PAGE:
Wednesday, 26 February 2020

"Fasting food" is an oxymoron

As we approach Great Lent, the Church year’s longest and strictest period of fasting, we often meet two responses: pride and despondency. While by no means a cure for these two spiritual ailments, I do think a better knowledge of what fasting actually entails is a big help in countering both of these.

Fasting-related pride can either be personal (“I fast during Lent, they do not”) or collective (“The heretics have abandoned fasting, but we Orthodox have kept the way of the Fathers!”). Every Lent, the orthonet abounds with memes expressing the latter sentiment in particular.

In either case, the truth is that the vast majority of Orthodox Christians today do not actually fast. They may abstain from meat, dairy, eggs, fish, wine and even oil, but they do not fast in the strict sense of the word. Fasting means complete abstinence from food and drink, usually until the evening. This is what the Church prescribes for weekdays of Great Lent, and for nearly all Wednesdays and Fridays throughout the year: no food until evening. The vegan meal eaten after Vespers marks the end of fasting on that day — the term “fasting food” is an oxymoron. This is why the Presanctified Liturgy is celebrated with Vespers during weekdays of Great Lent, so that the faithful would not break their fast early by receiving Communion and antidoron at a morning service. When the Fathers end a long Lenten sermon or catechetical talk by apologising for wearing out their listeners who are already tired from fasting, they are not apologising to people inconvenienced by veggie burgers and soy substitutes, but to people listening on an empty stomach.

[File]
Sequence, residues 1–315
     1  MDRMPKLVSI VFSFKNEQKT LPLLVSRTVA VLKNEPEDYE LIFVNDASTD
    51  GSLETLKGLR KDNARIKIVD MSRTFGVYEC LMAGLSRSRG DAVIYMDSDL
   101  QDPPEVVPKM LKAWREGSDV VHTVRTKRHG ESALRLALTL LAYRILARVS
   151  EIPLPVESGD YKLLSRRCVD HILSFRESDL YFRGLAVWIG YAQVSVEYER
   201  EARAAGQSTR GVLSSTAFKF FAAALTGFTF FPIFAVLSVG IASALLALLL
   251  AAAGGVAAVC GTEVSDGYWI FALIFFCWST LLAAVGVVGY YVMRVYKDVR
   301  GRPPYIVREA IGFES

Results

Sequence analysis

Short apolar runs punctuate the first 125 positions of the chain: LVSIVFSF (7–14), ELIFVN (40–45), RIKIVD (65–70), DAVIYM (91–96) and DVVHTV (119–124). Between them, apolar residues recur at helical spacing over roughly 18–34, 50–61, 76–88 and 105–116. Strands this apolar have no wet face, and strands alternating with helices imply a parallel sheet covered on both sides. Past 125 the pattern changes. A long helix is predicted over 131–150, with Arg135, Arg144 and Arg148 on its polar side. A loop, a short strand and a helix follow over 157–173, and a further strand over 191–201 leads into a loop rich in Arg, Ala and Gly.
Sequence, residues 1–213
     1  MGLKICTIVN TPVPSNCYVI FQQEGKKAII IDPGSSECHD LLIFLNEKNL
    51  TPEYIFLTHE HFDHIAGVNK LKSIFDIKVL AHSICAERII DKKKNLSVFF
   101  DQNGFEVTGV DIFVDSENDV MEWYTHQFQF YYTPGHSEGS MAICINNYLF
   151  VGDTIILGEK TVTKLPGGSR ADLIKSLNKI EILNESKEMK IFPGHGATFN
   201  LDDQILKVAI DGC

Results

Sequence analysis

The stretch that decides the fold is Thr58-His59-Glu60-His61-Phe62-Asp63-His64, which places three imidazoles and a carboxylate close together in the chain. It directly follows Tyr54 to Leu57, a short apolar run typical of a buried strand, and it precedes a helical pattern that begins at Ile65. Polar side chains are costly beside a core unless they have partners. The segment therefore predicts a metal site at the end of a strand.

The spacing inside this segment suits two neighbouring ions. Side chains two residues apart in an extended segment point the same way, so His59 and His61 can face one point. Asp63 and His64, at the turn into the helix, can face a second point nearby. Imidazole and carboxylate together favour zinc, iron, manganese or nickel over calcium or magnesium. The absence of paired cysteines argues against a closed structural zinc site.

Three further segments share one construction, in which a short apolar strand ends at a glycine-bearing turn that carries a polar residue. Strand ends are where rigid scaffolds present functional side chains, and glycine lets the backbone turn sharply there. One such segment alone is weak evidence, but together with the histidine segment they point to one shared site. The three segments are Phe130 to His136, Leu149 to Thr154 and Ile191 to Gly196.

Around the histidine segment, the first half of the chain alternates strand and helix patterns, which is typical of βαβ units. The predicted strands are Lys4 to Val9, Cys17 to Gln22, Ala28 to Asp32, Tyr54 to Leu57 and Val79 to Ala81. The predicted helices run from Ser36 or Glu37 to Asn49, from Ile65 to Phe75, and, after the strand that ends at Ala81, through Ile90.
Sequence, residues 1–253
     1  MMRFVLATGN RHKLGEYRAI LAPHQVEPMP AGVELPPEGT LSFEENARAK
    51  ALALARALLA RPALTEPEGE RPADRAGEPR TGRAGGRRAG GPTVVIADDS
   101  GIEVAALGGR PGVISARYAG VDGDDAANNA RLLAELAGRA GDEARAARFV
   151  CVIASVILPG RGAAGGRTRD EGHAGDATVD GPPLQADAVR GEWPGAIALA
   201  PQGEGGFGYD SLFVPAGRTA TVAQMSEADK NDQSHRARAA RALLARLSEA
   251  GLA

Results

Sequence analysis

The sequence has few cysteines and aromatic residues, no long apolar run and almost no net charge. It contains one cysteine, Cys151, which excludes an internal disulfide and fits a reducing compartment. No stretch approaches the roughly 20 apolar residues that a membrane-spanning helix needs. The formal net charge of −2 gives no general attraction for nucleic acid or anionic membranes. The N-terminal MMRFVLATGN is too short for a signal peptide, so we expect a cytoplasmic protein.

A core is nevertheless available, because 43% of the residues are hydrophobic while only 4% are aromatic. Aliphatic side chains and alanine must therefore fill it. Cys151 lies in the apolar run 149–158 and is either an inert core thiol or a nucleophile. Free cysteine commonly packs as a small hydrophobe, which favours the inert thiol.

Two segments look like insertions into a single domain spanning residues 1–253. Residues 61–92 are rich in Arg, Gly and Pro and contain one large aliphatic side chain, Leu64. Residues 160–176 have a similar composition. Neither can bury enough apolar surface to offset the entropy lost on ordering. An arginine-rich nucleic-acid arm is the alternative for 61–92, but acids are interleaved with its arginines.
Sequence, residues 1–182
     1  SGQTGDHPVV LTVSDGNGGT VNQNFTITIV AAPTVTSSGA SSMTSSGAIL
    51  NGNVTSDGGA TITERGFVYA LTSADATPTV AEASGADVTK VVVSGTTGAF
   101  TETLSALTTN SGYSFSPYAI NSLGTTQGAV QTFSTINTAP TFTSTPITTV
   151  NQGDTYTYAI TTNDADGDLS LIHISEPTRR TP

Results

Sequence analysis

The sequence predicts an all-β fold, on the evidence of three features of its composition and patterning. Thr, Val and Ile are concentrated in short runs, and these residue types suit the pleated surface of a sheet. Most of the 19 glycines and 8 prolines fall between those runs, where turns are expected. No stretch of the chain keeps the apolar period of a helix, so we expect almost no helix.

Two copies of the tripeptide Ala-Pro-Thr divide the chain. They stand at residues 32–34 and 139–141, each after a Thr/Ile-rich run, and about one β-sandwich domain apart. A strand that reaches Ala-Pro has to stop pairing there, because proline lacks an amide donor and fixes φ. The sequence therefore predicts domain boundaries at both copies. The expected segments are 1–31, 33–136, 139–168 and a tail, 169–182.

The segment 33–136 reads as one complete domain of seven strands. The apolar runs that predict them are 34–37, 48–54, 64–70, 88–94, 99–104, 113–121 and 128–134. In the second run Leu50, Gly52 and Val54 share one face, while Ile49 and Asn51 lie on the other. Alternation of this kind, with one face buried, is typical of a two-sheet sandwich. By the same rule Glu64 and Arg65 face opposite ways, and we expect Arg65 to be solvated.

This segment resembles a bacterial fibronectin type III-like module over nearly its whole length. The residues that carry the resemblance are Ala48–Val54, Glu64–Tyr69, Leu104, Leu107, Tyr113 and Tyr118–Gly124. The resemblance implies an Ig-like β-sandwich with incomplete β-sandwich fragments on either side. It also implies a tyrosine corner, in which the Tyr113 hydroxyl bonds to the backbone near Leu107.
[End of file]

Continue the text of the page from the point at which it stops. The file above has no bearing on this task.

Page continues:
Don’t get me wrong, each person should fast in accordance with their own strength and circumstances, and with the guidance of their spiritual father. I am not calling on anyone to do any more or less than what they are currently doing. But before we boast in our almond milk lattes, let us recognise just how modest our Lenten effort actually is. Let us not take pride in abstaining from meat when our secular neighbour does not, but let us be humbled by how far our ‘fasting’ falls short of what is envisaged by the canons we claim to follow.

Similarly, many people who follow the standard abstinence from meat and dairy, but who have no experience of actual fasting, often complain that they don’t see the point. They feel no different, and they find the idea of not putting milk in their coffee or not eating cheese on certain days of the year arbitrary and irrelevant to their spiritual lives. Now, in our days of abundant choice and instant gratification, even this is a huge sacrifice and struggle for many, and if combined with prayer and a humble disposition, there is no reason why this modest exercise in self-control shouldn’t bring abundant spiritual fruit. I can understand, though, where those who complain are coming from.